Nigeria generates N416.01 billion from Company Income Tax in Q3 2020
Total company income tax generated increased by 3.48% in Q3 2020, compared to N402.03 billion recorded in Q2 2020.
Nigeria generated the sum of N416.01 billion from Company Income Tax (CIT) in the third quarter of 2020. This was revealed in the Company Income Tax by Sectors report, recently released by the National Bureau of Statistics (NBS).
According to the report, the total CIT generated increased by 3.48% in Q3 2020, compared to N402.03 billion recorded in the previous quarter (Q2 2020). It reduced by 20.13% compared to N520.89 billion recorded in the corresponding quarter (Q3) of 2019.
- Company income tax generated year-to-date sums up to N1.11 trillion as against N1.26 trillion in the comparable period of 2019.
- Professional Services including Telecoms generated the highest amount of CIT with N55.52 billion generated, closely followed by Other Manufacturing with N42.03 billion.
- Banks & Financial Institutions generated a sum of N24.05 billion.
- Mining generated the least, closely followed by Textile and Garment Industry and Local Government Councils with N120.93 million, N167.51 million, and N321.72 million generated respectively.
Out of the total amount generated in Q3 2020, N244.70 billion was generated as CIT locally, while N70.34 billion was generated as foreign CIT payment. The balance of N100.97 billion was generated as income taxes from other payments.
Automobiles and Assemblies grows CIT by 994%
In terms of sectors with the highest increase in company income tax remittances, the Automobiles and Assemblies sector grew its CIT by 994%, from N81.6 million in Q2 2020 to N892.7 million. It was closely followed by the Gas sector, which grew its CIT by 626% to stand at N4.76 billion from N655.5 million.
On the flip side, transport and haulage services recorded the highest decline in company income tax, as it reduced by 76% to stand at N7.35 billion from N31.1 billion. This is closely followed by Banks and financial institutions, which declined by 51% to stand at N24.1 billion.
The rise in company income tax is an indication of the Nigerian government’s move to improve the generation of revenue from the fiscal side as against oil exportation. However, the halt in economic activities due to the COVID-19 pandemic contributed to the year-on-year decline in company income tax.
COVID-19 Update in Nigeria
On the 26th of November 2020, 169 new confirmed cases were recorded in Nigeria
The spread of novel Corona Virus Disease (COVID-19) in Nigeria continues to record significant increases as the latest statistics provided by the Nigeria Centre for Disease Control reveal Nigeria now has 66,974 confirmed cases.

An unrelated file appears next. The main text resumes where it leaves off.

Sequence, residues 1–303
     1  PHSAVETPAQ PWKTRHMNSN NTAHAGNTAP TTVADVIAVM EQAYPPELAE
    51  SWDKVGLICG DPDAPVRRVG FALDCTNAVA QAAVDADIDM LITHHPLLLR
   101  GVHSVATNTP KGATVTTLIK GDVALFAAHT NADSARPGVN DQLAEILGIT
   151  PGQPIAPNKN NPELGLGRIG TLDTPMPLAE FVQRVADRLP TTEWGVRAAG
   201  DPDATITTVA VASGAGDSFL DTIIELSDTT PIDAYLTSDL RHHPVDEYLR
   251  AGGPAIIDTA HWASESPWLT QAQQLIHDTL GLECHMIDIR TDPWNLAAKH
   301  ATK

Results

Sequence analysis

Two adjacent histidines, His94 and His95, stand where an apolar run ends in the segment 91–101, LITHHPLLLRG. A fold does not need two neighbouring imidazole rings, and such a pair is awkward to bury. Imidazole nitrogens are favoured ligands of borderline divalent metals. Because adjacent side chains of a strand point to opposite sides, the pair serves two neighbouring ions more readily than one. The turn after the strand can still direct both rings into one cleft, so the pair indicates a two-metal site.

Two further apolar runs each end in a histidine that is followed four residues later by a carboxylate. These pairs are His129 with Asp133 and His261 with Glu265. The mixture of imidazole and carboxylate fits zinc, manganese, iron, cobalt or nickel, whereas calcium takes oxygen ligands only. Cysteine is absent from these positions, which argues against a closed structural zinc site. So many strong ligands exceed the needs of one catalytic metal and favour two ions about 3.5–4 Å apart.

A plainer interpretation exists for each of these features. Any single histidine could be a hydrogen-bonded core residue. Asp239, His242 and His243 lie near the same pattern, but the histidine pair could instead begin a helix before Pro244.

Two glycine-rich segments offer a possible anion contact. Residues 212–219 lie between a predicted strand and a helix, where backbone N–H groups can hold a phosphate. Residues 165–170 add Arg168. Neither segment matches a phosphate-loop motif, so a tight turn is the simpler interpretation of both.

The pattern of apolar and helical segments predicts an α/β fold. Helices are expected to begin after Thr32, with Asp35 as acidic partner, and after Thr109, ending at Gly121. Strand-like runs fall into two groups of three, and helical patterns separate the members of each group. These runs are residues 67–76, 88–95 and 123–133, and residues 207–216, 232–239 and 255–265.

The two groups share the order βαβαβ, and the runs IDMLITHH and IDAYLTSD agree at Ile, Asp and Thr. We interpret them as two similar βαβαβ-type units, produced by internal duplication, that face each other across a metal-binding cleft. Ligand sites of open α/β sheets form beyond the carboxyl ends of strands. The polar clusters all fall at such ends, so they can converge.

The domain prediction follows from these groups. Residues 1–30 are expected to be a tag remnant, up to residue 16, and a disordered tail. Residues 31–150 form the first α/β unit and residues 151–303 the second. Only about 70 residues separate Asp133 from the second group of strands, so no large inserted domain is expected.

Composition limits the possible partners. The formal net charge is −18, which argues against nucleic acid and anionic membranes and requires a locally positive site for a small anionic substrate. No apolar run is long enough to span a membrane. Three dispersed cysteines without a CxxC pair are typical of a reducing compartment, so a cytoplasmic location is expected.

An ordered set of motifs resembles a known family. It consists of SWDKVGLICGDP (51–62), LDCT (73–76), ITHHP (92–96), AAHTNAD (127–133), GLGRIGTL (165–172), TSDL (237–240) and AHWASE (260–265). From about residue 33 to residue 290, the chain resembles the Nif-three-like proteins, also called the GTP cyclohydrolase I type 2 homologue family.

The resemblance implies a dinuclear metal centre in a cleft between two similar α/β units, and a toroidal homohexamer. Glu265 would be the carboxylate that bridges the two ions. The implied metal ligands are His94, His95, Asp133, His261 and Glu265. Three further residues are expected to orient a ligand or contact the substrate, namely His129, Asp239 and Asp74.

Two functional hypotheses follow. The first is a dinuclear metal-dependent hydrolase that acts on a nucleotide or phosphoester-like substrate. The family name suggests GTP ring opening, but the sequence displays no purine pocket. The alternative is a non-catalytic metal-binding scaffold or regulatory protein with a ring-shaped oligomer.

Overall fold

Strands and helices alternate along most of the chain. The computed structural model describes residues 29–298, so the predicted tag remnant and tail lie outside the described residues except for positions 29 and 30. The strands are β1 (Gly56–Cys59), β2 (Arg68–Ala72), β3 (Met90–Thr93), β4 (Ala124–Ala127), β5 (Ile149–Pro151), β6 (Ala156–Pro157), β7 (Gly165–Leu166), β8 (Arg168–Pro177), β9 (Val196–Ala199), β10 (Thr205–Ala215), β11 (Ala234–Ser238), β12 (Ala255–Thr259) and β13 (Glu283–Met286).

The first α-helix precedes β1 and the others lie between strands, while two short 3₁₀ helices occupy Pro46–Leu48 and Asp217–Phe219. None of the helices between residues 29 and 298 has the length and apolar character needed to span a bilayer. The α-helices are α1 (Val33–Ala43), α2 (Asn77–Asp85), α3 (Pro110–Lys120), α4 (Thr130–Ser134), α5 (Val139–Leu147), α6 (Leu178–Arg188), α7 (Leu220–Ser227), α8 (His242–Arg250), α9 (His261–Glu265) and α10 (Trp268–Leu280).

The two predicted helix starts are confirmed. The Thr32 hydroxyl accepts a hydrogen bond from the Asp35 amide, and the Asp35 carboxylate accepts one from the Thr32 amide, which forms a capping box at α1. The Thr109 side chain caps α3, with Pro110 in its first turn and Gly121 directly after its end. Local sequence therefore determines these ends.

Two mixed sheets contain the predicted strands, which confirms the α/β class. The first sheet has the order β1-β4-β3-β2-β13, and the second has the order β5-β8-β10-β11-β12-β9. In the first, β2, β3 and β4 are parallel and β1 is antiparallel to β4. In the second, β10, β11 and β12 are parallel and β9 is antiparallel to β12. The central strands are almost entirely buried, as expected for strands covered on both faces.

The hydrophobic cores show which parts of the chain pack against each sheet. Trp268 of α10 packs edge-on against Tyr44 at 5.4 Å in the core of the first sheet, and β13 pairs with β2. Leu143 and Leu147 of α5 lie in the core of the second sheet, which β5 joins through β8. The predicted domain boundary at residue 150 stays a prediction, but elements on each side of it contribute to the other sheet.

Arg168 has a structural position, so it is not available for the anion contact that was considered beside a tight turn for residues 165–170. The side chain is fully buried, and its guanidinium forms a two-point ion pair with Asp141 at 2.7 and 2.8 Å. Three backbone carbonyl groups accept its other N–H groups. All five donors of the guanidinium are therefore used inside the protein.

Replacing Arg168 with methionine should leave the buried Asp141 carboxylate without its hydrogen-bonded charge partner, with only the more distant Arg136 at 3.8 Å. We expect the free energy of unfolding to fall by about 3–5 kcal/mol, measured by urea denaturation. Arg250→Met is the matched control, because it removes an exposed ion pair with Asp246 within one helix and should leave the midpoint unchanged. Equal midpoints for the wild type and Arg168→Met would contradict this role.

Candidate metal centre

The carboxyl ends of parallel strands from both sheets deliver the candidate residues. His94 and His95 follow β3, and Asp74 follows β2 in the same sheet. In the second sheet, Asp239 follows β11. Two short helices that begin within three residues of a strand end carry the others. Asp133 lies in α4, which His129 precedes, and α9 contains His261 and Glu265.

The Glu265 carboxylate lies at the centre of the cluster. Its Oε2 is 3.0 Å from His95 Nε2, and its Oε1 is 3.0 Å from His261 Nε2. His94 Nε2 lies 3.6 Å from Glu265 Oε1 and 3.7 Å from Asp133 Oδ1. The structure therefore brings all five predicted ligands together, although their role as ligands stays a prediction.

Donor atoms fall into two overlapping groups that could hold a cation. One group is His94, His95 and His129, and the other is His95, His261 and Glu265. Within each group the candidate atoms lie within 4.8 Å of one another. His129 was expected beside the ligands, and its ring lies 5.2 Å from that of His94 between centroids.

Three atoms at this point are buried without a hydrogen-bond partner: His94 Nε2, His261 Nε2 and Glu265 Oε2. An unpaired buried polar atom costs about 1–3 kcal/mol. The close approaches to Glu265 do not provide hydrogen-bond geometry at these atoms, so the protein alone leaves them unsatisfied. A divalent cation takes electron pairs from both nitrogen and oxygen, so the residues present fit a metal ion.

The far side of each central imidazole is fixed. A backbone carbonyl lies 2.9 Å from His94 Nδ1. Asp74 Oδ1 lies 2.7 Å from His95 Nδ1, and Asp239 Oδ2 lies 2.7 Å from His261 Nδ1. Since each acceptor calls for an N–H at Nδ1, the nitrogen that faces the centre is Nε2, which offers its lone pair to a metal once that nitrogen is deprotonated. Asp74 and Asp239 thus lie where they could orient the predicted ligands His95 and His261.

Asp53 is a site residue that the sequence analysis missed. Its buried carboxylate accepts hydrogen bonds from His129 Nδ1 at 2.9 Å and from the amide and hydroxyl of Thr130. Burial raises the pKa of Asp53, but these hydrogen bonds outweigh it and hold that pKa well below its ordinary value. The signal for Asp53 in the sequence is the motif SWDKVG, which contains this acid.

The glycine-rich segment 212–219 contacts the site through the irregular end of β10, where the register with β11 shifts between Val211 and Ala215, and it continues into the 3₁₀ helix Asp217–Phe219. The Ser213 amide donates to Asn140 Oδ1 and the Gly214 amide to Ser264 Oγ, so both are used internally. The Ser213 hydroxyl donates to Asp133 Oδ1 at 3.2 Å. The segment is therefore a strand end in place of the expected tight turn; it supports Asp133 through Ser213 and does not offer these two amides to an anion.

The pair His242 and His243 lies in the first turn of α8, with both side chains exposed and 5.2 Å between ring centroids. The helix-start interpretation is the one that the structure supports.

On the 26th of November 2020, 169 new confirmed cases were recorded in Nigeria, having carried out a total daily test of 7,101 samples across the country.
To date, 66,974 cases have been confirmed, 62,585 cases have been discharged and 1,169 deaths have been recorded in 36 states and the Federal Capital Territory. A total of 756,237 tests have been carried out as of November 26th, 2020 compared to 749,136 tests a day earlier.
COVID-19 Case Updates- 26th November 2020,
- Total Number of Cases – 66,974
- Total Number Discharged – 62,585
- Total Deaths – 1,169
- Total Tests Carried out – 756,237
According to the NCDC, the 169 new cases were reported from 12 states- Kaduna (74), FCT (42), Lagos (17), Kano (8), Ogun (6), Oyo (6), Rivers (6), Ekiti (3), Bauchi (3), Katsina (2), Delta (1) and Ondo (1).
Meanwhile, the latest numbers bring Lagos state total confirmed cases to 23,083, followed by Abuja (6,671), Plateau (3,813), Oyo (3,721), Kaduna (3,019), Rivers (2,969), Edo (2,696), Ogun (2,202), Delta (1,824), Kano (1,789), Ondo (1,728), Enugu (1,332), Kwara (1,096), Ebonyi (1,055), Katsina (1,014), Osun (945), Gombe (938). Abia (926), Bauchi (765), and Borno (745).
Imo State has recorded 662 cases, Benue (496), Nasarawa (488), Bayelsa (445), Ekiti (357), Akwa Ibom (339), Jigawa (331), Niger (296), Anambra (285), Adamawa (261), Sokoto (165), Taraba (157), Yobe (94), Kebbi (93), Cross River (90), Zamfara (79), while Kogi state has recorded 5 cases only.
Lock Down and Curfew
In a move to combat the spread of the pandemic disease, President Muhammadu Buhari directed the cessation of all movements in Lagos and the FCT for an initial period of 14 days, which took effect from 11 pm on Monday, 30th March 2020.
The movement restriction, which was extended by another two-weeks period, has been partially put on hold with some businesses commencing operations from May 4. On April 27th, 2020, Nigeria’s President, Muhammadu Buhari declared an overnight curfew from 8 pm to 6 am across the country, as part of new measures to contain the spread of the COVID-19. This comes along with the phased and gradual easing of lockdown measures in FCT, Lagos, and Ogun States, which took effect from Saturday, 2nd May 2020, at 9 am.
On Monday, 29th June 2020 the federal government extended the second phase of the eased lockdown by 4 weeks and approved interstate movement outside curfew hours with effect from July 1, 2020. Also, on Monday 27th July 2020, the federal government extended the second phase of eased lockdown by an additional one week.
On Thursday, 6th August 2020 the federal government through the secretary to the Government of the Federation (SGF) and Chairman of the Presidential Task Force (PTF) on COVID-19 announced the extension of the second phase of eased lockdown by another four (4) weeks.